LONDON (Reuters) - A former Deutsche Bank managing director was sentenced to four and a half years in jail for insider dealing by a London court on Thursday, the longest prison term handed down in Britain for the crime to date.
After an unprecedented eight-and-a-half year investigation by the Financial Conduct Authority (FCA), Martyn Dodgson, 44, who advised the government during the global financial crisis, was jailed alongside his accountant friend Andrew Hind.
Hind, 56, a former finance director at fashion chain Top Shop, was sentenced to three and a half years after both were convicted on Monday for their part in a scam prosecutors said made more than $10 million from November 2006 to March 2010.
“This was persistent, prolonged and deliberate dishonest behavior,” Judge Jeffrey Pegden said.
The sentences draw a line under Operation Tabernula, an FCA investigation launched after two day traders brought attention to themselves in 2007 by attacking Scottish & Newcastle shares in what the FCA called “no holds barred, high-risk trading”.
Three years later, police raids and arrests linked to the investigation sent shockwaves through the City of London. The case culminated in three guilty pleas, followed by two convictions and three acquittals after a near four-month trial.
The FCA alleged Dodgson sourced inside information from within the banks where he worked, passed the tips onto middleman Hind, who then asked day traders to deal on his behalf. The men would split the profits, often using cash or payments in kind.
The two traders who first caught the FCA’s attention were Iraj Parvizi, an Iranian kebab shop worker turned multi-millionaire dubbed “Mad Punter” and Belgravia-based Scotsman Ben Anderson. They were acquitted on Monday, as was former Panmure Gordon trader Andrew Grant Harrison.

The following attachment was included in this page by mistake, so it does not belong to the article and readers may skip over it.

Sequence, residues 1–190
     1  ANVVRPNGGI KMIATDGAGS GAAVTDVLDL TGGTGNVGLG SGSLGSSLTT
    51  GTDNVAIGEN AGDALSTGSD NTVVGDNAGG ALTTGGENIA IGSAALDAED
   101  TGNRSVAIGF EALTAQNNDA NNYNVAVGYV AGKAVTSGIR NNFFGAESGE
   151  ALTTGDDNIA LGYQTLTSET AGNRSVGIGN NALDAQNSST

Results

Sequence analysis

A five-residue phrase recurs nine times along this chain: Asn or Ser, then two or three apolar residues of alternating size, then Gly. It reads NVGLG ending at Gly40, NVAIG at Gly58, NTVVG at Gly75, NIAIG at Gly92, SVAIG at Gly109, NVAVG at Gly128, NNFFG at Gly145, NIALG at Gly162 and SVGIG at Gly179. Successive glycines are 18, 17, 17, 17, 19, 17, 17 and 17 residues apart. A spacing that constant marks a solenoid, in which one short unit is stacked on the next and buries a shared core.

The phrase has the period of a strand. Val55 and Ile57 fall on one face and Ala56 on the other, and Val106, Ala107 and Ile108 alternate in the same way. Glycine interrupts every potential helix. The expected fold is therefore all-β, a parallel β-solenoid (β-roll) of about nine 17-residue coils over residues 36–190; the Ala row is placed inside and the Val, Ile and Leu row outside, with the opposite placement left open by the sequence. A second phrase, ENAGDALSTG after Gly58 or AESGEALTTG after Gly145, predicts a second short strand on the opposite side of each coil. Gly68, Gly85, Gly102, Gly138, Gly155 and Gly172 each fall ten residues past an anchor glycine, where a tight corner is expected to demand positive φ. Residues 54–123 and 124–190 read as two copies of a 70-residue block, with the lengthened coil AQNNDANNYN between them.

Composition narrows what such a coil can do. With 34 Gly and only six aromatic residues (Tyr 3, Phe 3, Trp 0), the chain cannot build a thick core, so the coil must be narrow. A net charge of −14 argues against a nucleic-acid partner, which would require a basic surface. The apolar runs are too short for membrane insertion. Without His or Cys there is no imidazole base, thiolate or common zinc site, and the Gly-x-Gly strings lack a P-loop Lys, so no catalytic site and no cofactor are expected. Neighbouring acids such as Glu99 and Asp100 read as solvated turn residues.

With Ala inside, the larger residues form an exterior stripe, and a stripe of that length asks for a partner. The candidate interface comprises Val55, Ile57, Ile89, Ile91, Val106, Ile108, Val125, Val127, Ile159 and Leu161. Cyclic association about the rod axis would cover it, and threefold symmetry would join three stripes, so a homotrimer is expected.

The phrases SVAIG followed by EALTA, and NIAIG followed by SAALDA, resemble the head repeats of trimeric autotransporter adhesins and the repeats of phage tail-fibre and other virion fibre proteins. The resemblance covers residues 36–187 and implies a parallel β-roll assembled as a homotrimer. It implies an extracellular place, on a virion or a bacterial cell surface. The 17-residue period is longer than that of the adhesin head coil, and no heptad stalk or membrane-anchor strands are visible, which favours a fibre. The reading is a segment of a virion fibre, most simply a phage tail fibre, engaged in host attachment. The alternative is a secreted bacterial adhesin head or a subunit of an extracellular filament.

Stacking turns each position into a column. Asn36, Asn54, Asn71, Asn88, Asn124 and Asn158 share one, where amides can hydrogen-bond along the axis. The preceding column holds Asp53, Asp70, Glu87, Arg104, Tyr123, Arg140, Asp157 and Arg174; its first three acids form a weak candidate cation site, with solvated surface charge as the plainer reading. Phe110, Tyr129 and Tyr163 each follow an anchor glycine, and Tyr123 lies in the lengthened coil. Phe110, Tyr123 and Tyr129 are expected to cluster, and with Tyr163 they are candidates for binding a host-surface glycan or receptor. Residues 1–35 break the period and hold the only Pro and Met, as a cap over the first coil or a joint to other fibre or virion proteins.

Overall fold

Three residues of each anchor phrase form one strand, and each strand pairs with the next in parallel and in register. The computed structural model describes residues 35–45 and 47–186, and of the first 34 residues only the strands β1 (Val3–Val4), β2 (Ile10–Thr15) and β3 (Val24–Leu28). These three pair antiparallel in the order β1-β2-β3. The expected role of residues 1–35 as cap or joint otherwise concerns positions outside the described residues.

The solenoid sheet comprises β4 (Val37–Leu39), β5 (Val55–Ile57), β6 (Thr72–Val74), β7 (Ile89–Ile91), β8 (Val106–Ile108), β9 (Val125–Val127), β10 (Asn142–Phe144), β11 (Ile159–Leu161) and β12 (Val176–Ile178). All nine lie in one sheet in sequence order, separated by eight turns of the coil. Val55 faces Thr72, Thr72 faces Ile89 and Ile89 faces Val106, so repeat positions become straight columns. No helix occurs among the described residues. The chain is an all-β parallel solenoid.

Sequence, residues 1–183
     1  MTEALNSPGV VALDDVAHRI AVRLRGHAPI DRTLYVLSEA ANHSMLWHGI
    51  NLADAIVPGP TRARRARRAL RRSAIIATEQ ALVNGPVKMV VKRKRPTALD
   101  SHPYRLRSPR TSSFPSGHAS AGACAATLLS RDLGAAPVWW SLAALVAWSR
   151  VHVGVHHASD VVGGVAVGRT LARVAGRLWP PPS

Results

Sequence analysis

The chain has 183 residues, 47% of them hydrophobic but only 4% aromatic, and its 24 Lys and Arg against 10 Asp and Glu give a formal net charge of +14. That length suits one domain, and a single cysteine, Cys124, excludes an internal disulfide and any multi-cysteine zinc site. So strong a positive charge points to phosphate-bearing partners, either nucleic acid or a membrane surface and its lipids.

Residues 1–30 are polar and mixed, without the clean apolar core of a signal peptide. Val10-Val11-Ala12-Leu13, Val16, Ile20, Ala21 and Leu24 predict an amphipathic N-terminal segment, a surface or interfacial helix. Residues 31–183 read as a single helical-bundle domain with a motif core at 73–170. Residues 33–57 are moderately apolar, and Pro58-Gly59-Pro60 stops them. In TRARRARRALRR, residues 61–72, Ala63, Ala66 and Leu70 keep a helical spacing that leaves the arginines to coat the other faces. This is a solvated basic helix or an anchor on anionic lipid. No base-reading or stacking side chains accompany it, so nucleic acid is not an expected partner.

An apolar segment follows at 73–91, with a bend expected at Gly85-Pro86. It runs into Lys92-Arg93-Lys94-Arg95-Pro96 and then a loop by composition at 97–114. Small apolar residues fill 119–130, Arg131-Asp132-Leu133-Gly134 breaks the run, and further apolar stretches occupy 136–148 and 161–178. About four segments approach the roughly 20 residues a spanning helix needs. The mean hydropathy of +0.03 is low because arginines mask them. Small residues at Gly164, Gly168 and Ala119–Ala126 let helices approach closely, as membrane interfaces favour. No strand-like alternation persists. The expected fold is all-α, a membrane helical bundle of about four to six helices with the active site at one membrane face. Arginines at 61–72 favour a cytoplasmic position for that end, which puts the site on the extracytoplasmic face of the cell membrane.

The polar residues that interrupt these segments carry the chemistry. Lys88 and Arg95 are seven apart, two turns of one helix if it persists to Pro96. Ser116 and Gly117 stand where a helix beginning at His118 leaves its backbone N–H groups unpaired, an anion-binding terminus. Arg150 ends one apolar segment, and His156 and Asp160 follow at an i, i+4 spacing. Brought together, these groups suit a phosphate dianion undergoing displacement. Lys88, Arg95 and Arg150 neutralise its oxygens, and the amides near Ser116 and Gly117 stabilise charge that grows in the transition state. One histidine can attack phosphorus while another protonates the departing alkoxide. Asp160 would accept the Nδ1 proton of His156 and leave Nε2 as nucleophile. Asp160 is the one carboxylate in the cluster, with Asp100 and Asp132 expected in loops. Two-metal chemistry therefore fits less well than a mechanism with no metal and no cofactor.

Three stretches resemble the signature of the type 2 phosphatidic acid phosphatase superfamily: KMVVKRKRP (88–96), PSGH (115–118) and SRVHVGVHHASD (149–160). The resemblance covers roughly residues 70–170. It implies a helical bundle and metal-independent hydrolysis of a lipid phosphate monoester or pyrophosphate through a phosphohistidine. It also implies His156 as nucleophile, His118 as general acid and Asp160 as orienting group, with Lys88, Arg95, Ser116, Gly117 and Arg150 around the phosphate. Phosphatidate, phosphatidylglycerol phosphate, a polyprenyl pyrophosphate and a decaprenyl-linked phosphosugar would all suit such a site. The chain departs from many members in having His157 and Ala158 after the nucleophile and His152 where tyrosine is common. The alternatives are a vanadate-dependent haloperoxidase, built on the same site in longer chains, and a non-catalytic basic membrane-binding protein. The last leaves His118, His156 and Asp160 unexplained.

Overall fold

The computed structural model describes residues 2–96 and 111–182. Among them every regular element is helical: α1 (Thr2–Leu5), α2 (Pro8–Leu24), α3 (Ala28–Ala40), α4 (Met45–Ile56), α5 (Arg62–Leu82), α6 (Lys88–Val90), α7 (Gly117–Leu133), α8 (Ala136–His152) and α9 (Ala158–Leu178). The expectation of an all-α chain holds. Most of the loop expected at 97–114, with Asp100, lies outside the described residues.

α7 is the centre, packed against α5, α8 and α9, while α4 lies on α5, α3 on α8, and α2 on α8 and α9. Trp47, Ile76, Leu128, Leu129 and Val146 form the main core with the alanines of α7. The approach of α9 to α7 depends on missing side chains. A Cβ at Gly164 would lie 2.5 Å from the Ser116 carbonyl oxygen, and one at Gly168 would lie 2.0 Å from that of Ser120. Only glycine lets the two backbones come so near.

All the defendants denied any wrongdoing.
Despite the split verdict, the FCA considered the result a victory. “Dodgson and Hind were at the heart of the scheme,” Therese Chambers, head of the FCA’s wholesale enforcement arm, told a briefing on Wednesday.
Sarah Wallace, a partner at law firm Irwin Mitchell, said Dodgson’s sentence paled in comparison to the lengthy prison terms handed down in the United States for securities fraud.
“However, the risk of losing your total wealth, some of which may have been amassed lawfully, through what some argue are disproportionately large confiscation orders ... can be the most painful part of the sentencing process,” she said.
The FCA said it would pursue confiscation proceedings against both men to claw back the proceeds of crime.
The defendants used unregistered pay-as-you-go cell phones and military-grade encryption devices such as waterproof IronKey USB memory sticks that self-destruct if too many incorrect passwords are entered.
Dodgson kept his USB stick in a locked red box under his bed. A hint of his password - Lamborghini55 - was eventually discovered in an email sent to his wife, the FCA case team said.
The FCA scanned more than 10 million digital items, examined 600 digital devices, listened to more than 35,000 recorded calls, investigated 500,000 lines of telecoms data and identified more than 120 trading accounts and 200,000 lines of trading data in a $20 million inquiry occupying up to 40 staff.
Editing by Rachel Armstrong and David Clarke